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Old 09-11-2017, 11:16   #1
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What would you do for a mast?

I wish it were a hypothetical question but it's not. It's my reality. While I'm waiting for quotes to come in from different places, I wonder how feasable it would be to motor my Irma-dismasted sailboat from BVI to somewhere else for a new mast and rigging. The rigging companies on the islands are overwhelmed with the amount of work and not likely to get it done in time to salvage the 2017 season (for a non-charter boat like mine). I also question the quality of work under the best of circumstances, let alone under the current conditions and certainly don't want carelessness or shortcuts to be taken. And that's not to mention the extra expense of having a mast shipped.

So, I wonder what would you do? Would you forfeit the hopes of a full season of sailing this year and pay whatever premium to have it done where the boat sits? (It is, btw, stored on the hard and thankfully stayed on the stands through the blow) Would you consider motoring the ~1000 miles to Florida to have the work done? Am I crazy for even thinking of it? What about taking her someplace like Martinique where the scheduling might be better but the cost would likely still be high due to shipping the stick?

I'm still waiting on estimates to start coming in and once they do it might make the decision obvious because cost is (needless to say) a major factor. In the mean time, I'd like to evaluate other options from a safety/cost/time standpoint and so I'd greatly appreciate the input and opinion of the collective. -TIA
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Old 09-11-2017, 11:25   #2
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Re: What would you do for a mast?

Well, it's a motor boat, take it where you want. But it seems there would be options of salvage masts maybe right where you are at? What size boat?
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Old 09-11-2017, 11:46   #3
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Re: What would you do for a mast?

Salvage masts would be an intriguing solution if you can get the right mast. Motoring 1000 miles to FL is a looong slog. Yes, it's probably cheaper to ship masts there, but enough to offset the trip costs in time and $? What about the shorter trip to Grenada? My understanding is there is a substantial marine support industry there. That or Trinidad is where my broker suggested taking a boat, and he's in FL.
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Old 09-11-2017, 12:00   #4
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Re: What would you do for a mast?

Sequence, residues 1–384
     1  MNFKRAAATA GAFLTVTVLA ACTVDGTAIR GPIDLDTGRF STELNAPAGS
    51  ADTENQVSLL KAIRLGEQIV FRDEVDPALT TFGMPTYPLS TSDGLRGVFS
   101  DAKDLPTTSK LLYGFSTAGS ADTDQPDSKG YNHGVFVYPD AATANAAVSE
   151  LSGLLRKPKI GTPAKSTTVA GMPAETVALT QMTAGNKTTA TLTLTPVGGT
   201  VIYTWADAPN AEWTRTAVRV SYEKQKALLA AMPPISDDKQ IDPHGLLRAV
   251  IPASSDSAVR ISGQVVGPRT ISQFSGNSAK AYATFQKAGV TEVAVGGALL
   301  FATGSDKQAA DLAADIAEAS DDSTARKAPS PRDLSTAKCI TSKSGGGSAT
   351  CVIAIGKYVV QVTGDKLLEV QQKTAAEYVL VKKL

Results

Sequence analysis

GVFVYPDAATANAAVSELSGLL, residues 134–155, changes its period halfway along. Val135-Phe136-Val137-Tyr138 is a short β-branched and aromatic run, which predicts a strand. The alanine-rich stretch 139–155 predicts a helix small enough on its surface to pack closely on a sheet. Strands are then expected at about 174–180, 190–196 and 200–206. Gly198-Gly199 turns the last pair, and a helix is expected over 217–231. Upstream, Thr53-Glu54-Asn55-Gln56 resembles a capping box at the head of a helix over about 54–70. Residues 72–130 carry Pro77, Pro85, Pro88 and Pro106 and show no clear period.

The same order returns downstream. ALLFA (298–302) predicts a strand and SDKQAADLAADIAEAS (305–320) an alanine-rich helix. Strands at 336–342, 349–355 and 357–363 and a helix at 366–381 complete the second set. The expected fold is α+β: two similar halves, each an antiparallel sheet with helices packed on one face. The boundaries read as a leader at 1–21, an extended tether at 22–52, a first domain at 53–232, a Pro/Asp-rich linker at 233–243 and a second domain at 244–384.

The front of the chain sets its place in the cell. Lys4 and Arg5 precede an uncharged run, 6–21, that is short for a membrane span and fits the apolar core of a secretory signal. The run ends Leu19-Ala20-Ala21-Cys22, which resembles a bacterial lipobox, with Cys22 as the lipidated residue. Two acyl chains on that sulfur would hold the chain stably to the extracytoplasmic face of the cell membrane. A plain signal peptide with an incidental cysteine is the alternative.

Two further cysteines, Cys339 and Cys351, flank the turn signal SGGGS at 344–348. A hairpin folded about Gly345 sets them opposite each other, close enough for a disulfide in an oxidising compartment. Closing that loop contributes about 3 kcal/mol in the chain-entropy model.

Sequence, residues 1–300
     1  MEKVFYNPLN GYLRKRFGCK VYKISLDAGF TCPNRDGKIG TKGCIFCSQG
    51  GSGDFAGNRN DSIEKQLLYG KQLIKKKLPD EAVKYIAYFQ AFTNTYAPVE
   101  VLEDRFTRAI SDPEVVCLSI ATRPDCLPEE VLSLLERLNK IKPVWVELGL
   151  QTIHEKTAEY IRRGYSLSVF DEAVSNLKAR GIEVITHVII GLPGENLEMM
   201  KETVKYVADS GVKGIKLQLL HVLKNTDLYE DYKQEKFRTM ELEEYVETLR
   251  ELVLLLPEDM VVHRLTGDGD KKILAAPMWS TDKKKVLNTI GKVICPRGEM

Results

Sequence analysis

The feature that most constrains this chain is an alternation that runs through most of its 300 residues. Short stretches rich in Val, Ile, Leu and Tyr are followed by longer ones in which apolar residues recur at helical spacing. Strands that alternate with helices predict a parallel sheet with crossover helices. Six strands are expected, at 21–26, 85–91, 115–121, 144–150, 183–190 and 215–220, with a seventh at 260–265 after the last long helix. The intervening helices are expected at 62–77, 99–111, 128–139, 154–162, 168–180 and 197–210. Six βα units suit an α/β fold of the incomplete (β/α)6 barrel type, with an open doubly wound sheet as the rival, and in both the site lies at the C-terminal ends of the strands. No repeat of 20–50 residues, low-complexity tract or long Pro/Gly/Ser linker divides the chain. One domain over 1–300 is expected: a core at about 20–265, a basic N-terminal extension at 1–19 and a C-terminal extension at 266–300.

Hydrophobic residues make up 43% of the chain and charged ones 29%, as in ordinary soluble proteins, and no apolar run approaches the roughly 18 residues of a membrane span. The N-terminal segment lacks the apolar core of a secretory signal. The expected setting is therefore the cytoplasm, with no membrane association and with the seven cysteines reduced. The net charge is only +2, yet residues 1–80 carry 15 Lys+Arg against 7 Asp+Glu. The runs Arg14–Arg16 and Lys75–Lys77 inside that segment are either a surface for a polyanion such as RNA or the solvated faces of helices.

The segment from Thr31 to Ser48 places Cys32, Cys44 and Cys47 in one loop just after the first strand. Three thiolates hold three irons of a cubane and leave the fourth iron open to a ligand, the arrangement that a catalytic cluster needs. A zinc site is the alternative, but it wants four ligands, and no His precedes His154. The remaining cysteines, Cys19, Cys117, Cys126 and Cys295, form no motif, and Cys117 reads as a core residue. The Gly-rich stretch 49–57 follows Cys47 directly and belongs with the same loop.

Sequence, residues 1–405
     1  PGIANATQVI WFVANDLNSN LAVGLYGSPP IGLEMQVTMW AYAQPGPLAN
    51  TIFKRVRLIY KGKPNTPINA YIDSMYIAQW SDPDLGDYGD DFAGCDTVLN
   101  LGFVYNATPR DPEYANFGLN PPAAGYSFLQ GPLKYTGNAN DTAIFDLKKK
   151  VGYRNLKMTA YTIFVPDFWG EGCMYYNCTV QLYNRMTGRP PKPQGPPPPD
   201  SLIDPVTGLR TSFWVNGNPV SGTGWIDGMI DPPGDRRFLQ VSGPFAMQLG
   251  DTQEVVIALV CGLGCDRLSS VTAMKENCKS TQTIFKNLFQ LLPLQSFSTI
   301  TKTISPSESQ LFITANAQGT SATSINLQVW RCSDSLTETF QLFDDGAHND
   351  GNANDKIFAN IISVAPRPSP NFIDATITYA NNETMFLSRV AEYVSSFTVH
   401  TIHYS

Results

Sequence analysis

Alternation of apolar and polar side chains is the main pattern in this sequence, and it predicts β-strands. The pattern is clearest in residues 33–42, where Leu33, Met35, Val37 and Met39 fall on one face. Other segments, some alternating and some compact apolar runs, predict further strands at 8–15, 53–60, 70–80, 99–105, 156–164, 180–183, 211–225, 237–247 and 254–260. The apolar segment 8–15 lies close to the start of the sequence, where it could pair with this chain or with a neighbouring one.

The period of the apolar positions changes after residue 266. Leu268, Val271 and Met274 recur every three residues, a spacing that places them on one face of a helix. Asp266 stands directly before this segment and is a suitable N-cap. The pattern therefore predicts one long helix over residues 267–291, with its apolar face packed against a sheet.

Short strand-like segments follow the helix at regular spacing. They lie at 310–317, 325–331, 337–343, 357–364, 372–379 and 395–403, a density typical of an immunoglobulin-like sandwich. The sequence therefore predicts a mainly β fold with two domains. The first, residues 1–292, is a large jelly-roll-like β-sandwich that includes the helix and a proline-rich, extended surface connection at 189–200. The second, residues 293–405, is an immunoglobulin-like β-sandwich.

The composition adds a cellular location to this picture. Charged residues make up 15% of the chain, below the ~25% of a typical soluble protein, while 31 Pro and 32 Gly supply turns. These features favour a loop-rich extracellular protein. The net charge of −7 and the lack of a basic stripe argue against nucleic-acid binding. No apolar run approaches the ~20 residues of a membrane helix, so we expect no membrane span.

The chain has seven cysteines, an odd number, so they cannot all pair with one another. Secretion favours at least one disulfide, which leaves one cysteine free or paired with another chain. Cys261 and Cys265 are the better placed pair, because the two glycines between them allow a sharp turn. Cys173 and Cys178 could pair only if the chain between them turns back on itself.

Assuming you have a monohull....

If you have never been offshore in a sailboat without a mast... You might want to try it before you make a final commitment to a 1000 mile trip. That mast was a HUGE addition to the boat's rotational momentum. Without it the boat will roll very fast, far, and "snappy" compared to what you are used to. It WILL be VERY uncomfortable. Exactly how uncomfortable is hard to say... it depends a lot on the boat. It is possible the boat's designer can give you an idea what it would be like.

If you have a cruising cat:

It's just a motor boat with a mast anyway, so fill the tanks and go.
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Old 09-11-2017, 12:41   #5
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Re: What would you do for a mast?

Apologies for the lack of detail in the initial post - the boat is a 42' Hunter. (mono)

Iv'e reached out to a rigger in Martinique for a ballpark estimate. It'd certainly be easier to motor there or Grenada than to Florida but I imagine a mast would still need to be shipped to either island, increasing the cost substantially. I'd estimate fuel to Florida to run me +-$1500, and I'll be considering that expense when comparing estimates. It's worth it to me to pay slightly more in order to avoid a long rolly slog - how much more, I don't know. At this point, I'm assuming (i know, I know...) that the estimates from FL will be the lowest.

As for the possibility of finding a salvaged mast... not likely. Not likely at all.
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Old 09-11-2017, 13:16   #6
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Re: What would you do for a mast?

I think I would really hunt for a salvage mast. The Florida yards are very busy too.
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Old 09-11-2017, 13:41   #7
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Re: What would you do for a mast?

When I was in the Azores a few years ago, there was a boat with a similar problem and the crew needed to get to Lisbon (I believe) fairly quickly.

The yard there built them a temporary mast out of two by fours sistered together. They then screwed and thru-bolted a male sail track (female slides sewn onto main) to the two by fours and a couple blocks on top for the main and jib halyards. They went boomless.